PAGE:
The Hiring Bias Is Surprisingly Hurting These People

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How does hiring bias affect different groups of workers? Why are educated (knowledge) workers experiencing more hiring bias currently?

Educated workers have been disproportionately trapped in long-term unemployment because of biases potential employers have. These include age biases or the belief that something must be wrong with someone who’s been out of work for a while.

Keep reading to learn why the stigma of hiring bias is disproportionately affecting educated workers.

Hiring Bias for Educated or Older Workers

Workers with bachelor’s degrees and older workers are disproportionately affected by long-term unemployment (LTU). Though they’re unemployed at overall lower rates, hiring bias pushes those who are jobless to be so for more than six months. Of the 4.1 million in LTU as of last year, around 1.5 million are from white-collar occupations (approximately 37%).

Knowledge Workers Face More Stigma

Once the economy starts recovering from Covid-19, many workers in LTU will find jobs again, but the process might be harder for educated workers, older workers, and workers in white-collar professions because of the hiring bias stigma attached to LTU for those types of employees.

White-collar job seekers routinely run into a few repeated objections from potential employers:

  • Age hiring bias: Experienced workers who thought their long resumes and highly developed skill sets would give them a leg up in the hiring process are finding instead that their resumes are holding them back. Job postings rarely advertise for candidates with more than 5 to 8 years of experience, as hiring managers believe older workers won’t have the energy or mental flexibility younger workers have.
  • Overqualification hiring bias: Because competition for high-level jobs is so intense, some experienced workers look for lower-level jobs where they might get a foot in the door. Unfortunately, recruiters often think a worker with more skills than is required for a position will quickly get bored with the job. 
  • Underqualification hiring bias: Some workers then look for work in a new industry, where they can start on the ground floor—for example, they might leave finance for a catering company. However, they then run into the opposite objection: that they don’t have enough experience. (This dovetails with the age bias, as employers will sooner hire inexperienced young people over inexperienced older people.)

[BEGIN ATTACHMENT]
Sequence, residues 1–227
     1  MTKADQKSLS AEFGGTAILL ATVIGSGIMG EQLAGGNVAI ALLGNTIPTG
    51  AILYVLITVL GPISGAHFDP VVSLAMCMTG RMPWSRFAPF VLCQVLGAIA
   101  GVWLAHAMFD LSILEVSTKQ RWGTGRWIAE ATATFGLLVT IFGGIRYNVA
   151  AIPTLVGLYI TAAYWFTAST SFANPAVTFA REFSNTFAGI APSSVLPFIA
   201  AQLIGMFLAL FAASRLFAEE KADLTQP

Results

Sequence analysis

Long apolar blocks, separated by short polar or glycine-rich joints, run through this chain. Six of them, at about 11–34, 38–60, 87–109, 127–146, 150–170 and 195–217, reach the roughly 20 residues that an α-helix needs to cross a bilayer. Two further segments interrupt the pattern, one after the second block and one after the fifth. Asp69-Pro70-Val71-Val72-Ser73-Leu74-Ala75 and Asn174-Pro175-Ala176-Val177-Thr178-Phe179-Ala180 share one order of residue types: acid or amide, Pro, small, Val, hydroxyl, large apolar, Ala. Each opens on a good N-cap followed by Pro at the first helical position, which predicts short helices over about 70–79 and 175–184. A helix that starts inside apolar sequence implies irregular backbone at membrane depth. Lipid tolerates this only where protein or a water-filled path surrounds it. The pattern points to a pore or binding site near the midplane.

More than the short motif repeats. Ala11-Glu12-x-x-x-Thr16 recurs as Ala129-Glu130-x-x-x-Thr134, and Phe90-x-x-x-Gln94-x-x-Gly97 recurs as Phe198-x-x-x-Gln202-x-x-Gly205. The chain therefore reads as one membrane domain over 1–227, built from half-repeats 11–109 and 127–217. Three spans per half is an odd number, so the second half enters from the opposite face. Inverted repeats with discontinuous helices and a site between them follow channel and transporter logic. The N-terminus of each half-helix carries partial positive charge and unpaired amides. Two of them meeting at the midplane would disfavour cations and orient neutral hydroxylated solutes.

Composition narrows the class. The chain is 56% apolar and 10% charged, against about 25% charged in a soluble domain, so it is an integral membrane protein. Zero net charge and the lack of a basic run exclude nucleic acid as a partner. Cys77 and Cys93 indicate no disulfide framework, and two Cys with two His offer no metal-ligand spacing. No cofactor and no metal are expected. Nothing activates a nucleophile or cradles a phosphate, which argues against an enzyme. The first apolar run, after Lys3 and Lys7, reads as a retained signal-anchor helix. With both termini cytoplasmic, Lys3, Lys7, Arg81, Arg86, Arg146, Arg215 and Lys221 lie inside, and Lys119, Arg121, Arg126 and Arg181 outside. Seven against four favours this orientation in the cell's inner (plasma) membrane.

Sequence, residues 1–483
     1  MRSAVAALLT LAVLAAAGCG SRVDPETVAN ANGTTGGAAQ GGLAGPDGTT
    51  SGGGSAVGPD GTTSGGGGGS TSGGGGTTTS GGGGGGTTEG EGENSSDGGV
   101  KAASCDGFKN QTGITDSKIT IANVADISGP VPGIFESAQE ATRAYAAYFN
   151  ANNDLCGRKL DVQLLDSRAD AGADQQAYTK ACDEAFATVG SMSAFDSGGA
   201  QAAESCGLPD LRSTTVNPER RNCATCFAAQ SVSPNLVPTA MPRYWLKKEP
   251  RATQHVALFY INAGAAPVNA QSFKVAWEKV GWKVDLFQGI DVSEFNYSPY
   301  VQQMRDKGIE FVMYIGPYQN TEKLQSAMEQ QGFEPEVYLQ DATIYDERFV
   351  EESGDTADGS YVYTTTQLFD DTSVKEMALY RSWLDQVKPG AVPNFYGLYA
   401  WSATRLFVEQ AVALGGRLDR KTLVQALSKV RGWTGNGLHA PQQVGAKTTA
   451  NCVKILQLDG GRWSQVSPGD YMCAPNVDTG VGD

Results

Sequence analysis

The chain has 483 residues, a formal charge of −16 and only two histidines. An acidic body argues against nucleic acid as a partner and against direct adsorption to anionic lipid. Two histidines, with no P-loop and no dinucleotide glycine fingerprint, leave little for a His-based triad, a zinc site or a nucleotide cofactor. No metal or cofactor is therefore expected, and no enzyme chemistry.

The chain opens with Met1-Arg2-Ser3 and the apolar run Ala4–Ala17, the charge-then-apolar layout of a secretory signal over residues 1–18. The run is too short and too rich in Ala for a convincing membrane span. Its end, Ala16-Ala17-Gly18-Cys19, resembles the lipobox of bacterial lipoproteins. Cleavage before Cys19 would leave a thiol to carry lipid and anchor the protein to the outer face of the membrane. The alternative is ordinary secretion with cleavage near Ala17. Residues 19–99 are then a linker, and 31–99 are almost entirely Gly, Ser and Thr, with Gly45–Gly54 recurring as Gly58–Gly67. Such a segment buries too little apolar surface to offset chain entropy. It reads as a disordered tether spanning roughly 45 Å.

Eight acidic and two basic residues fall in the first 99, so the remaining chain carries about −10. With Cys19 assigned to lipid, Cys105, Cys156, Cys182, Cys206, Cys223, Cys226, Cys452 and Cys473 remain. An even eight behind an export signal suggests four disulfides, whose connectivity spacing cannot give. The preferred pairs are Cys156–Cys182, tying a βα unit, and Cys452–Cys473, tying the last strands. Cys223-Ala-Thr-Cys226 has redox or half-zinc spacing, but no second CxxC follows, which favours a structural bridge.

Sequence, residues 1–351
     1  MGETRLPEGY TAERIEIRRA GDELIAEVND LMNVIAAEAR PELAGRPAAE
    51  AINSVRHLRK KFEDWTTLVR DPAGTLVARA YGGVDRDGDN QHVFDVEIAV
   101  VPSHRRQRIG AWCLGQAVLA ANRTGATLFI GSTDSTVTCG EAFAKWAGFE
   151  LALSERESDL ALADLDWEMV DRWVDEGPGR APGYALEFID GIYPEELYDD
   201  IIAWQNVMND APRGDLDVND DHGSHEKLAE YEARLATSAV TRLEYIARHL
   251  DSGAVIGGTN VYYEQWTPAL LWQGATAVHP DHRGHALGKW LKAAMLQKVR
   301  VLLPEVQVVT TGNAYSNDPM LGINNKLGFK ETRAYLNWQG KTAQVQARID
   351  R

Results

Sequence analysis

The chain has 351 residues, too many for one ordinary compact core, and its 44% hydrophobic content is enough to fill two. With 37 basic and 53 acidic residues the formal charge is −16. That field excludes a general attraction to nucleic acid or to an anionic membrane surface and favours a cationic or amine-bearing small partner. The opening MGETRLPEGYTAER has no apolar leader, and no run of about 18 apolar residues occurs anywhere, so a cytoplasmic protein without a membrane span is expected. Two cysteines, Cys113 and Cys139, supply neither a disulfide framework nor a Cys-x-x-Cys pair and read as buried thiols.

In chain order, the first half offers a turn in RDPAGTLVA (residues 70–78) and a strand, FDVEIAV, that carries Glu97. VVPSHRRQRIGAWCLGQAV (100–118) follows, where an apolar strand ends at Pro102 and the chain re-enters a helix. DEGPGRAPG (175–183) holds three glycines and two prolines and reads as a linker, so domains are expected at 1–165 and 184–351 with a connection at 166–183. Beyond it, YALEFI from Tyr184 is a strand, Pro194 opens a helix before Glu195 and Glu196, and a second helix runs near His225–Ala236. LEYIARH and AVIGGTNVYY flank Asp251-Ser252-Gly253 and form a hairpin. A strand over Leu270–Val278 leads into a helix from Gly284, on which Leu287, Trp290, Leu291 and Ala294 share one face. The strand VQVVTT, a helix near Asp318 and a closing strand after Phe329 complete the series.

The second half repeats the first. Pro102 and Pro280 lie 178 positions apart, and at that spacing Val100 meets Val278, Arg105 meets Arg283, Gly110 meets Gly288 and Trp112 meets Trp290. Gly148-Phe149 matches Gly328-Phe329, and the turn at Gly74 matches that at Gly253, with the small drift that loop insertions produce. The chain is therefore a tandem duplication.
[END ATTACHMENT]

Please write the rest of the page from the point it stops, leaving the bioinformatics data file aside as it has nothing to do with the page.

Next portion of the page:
• Unemployment hiring bias: Potential employers often believe that if a person is out of work for a length of time, it’s because they’re somehow sub-par. They suspect that companies retain their best and brightest through layoffs, and they wonder why other employers haven’t snapped them up yet. 

And while job seekers are often encouraged to reach out to their networks for job leads, they’re finding the same biases exist among their peers. 

The Hiring Bias Is Surprisingly Hurting These People

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Emily Kitazawa

Emily found her love of reading and writing at a young age, learning to enjoy these activities thanks to being taught them by her mom—Goodnight Moon will forever be a favorite. As a young adult, Emily graduated with her English degree, specializing in Creative Writing and TEFL (Teaching English as a Foreign Language), from the University of Central Florida. She later earned her master’s degree in Higher Education from Pennsylvania State University. Emily loves reading fiction, especially modern Japanese, historical, crime, and philosophical fiction. Her personal writing is inspired by observations of people and nature.

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